Supplier of wood for Tokyo’s new National Olympic Stadium accused of destroying Indigenous livelihoods
SARAWAK / MALAYSIA – On the anniversary of the first Tokyo Olympics, Matu Tugang, headman of the Indigenous Penan community of Long Jaik from Sarawak, Malaysia, delivered an urgent plea to Japanese Prime Minister Shinzo Abe to stop Japan’s use of wood from a company that is destroying their forests and their livelihoods (1). Japan has been using tropical timber from Sarawak to construct the New National Stadium for the Tokyo 2020 Olympic Games. Evidence gathered at the Stadium construction site by NGOs in April 2017 confirmed the use of plywood supplied by Shin Yang (2), a company which has been logging in the area of Long Jaik for almost two decades and has previously been implicated in illegal logging, rainforest destruction, and human rights abuses.
The community of Long Jaik has been fighting with blockades to protect their forests against Shin Yang’s logging and conversion to oil palm plantations. The community has an ongoing lawsuit against Shin Yang for violating their customary rights, but this has failed to stop Shin Yang from intruding onto the community’s land. In a last attempt to save their remaining forests, the headman is turning to Shin Yang’s buyers in Japan and asking the Japanese Prime Minister to intervene: “Dear Prime Minister of Japan, please, make sure Japan does not accept wood that Shin Yang has stolen from us. As long as Japan continues to accept this wood, Shin Yang will continue logging our forests and extracting logs daily.”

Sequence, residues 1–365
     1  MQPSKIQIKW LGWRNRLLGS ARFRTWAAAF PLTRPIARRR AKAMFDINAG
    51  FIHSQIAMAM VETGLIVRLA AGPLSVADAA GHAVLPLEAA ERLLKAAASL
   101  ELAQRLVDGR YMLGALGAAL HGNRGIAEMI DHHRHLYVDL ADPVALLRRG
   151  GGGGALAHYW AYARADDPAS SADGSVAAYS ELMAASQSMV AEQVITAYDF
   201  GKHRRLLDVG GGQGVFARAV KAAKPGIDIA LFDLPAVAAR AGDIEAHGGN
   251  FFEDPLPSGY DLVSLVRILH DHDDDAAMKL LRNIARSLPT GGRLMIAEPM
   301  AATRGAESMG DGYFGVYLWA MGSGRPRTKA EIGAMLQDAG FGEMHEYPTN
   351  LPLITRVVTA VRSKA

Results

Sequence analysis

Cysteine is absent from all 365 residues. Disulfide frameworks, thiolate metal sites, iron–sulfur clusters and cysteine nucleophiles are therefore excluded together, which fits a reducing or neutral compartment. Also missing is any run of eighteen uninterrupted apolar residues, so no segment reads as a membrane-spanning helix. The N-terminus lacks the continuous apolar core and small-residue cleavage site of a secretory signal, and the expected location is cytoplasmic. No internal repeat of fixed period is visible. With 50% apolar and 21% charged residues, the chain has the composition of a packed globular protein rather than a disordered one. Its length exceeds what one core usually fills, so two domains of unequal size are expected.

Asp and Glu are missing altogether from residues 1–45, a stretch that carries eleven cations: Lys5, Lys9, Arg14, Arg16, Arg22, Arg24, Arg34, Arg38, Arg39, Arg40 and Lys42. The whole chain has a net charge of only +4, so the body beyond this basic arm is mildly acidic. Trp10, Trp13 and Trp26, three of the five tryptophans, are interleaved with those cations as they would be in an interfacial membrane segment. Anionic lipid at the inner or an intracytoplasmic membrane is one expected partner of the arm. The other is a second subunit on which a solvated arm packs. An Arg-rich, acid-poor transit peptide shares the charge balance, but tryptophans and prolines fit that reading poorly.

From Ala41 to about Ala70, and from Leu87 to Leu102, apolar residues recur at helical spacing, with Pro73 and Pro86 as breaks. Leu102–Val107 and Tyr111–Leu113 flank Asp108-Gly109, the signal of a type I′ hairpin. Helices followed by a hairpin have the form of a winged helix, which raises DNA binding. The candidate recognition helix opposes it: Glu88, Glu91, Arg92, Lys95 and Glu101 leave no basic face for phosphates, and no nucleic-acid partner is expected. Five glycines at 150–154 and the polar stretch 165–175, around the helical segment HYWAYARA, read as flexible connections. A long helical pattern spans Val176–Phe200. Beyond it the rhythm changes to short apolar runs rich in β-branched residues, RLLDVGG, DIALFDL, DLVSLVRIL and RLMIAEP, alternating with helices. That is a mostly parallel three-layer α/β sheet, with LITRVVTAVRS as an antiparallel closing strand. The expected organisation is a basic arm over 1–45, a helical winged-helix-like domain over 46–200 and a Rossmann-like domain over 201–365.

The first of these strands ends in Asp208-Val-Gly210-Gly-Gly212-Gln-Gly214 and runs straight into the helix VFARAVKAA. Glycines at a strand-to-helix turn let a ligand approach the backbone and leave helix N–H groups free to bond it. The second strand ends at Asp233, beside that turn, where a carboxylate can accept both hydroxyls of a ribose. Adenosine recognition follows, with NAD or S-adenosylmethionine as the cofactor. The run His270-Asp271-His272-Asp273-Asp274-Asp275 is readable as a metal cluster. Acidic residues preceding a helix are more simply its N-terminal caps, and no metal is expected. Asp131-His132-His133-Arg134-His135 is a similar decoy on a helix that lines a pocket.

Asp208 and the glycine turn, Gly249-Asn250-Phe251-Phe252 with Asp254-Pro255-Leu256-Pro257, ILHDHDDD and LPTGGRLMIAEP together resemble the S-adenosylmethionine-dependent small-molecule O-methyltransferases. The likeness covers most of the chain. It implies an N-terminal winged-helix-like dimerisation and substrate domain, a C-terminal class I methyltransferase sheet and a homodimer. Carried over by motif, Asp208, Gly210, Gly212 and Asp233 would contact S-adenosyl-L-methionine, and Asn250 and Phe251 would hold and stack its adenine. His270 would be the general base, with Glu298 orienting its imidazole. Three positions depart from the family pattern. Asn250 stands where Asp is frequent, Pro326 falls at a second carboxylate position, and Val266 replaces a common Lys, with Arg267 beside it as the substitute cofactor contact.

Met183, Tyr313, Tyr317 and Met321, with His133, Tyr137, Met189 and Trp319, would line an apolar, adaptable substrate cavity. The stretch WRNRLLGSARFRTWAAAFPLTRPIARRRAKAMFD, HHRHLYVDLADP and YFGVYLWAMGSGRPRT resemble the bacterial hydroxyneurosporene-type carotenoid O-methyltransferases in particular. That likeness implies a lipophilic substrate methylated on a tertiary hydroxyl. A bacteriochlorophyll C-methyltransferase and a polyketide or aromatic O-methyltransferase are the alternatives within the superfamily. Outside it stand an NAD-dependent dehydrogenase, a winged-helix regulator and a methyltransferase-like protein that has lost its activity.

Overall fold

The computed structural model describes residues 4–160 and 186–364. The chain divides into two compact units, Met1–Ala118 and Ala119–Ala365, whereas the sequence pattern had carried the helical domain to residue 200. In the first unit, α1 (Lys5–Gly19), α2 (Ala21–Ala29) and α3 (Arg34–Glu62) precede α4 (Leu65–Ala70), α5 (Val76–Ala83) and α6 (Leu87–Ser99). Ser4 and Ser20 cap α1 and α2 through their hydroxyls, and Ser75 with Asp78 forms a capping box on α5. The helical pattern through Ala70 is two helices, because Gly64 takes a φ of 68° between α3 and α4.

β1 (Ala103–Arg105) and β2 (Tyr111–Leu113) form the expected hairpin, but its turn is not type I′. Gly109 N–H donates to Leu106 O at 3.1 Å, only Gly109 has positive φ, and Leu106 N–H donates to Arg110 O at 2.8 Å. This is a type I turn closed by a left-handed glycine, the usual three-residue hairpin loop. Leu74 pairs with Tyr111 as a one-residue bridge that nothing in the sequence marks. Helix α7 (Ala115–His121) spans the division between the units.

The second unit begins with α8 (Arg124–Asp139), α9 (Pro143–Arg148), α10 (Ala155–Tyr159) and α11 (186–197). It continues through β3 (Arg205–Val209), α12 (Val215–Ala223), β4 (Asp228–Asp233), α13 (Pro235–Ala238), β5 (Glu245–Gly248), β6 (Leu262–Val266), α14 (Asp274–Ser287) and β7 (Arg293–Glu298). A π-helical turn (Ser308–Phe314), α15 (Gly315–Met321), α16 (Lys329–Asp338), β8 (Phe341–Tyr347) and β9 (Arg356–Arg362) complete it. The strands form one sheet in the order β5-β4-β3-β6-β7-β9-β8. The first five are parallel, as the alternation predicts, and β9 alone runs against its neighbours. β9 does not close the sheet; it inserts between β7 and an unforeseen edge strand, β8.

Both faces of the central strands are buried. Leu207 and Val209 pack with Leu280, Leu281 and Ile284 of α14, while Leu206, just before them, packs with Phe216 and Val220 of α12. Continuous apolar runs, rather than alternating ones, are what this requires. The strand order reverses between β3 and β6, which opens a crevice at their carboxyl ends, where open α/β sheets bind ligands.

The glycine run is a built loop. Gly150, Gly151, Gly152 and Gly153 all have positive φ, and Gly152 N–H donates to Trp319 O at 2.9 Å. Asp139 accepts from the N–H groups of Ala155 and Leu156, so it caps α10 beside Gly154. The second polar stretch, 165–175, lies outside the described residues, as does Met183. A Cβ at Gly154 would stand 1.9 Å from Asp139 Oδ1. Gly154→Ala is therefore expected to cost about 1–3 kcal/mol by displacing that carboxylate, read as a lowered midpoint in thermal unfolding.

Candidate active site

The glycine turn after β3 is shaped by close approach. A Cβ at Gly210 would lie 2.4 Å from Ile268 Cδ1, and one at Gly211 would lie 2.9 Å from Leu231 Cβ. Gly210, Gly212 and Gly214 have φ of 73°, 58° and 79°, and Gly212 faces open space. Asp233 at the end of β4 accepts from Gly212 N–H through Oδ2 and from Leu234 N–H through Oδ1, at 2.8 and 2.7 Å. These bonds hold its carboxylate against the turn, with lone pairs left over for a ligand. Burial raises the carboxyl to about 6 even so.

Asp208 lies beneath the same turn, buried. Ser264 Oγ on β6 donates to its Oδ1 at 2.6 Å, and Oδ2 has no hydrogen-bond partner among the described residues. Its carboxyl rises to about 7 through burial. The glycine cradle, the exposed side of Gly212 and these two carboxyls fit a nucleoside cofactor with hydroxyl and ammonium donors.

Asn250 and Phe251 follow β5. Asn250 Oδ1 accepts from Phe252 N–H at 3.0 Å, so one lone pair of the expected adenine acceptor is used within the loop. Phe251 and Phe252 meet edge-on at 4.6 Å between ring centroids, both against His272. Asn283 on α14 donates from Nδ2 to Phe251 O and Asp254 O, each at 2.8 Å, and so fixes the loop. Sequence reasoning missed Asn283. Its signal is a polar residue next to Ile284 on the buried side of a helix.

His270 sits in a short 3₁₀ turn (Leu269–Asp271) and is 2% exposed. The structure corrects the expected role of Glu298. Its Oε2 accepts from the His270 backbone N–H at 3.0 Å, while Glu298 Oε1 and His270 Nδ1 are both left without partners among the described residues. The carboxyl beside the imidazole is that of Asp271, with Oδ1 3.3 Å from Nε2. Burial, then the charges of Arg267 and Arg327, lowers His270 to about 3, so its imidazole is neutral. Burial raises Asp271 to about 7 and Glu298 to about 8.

In the letter, headman Tugang bears witness to Shin Yang’s destructive logging practices and the company’s disregard for the community’s right to Free, Prior and Informed Consent: “Shin Yang has been logging very aggressively in the area of our village. When their tractors extract a log, they just bulldoze everything around… Shin Yang has been logging our ancestral forests without our permission or consent. They have never asked us for our opinion or needs.” The Malaysian Human Rights Commission investigated the community’s plight in 2007 and found Shin Yang’s practices were driving the community further into poverty.
The International Olympic Committee and Tokyo Olympic authorities have been the subject of relentless criticism from an international coalition of civil society organisations who have been critical of Tokyo 2020’s poor timber sourcing standards and lack of transparency in their timber supply chain. Despite repeated demands to disclose the origin of the timber in use for the Olympics and to end the use of Shin Yang wood and other high-risk timber (3), authorities have failed to respond to NGO concerns.
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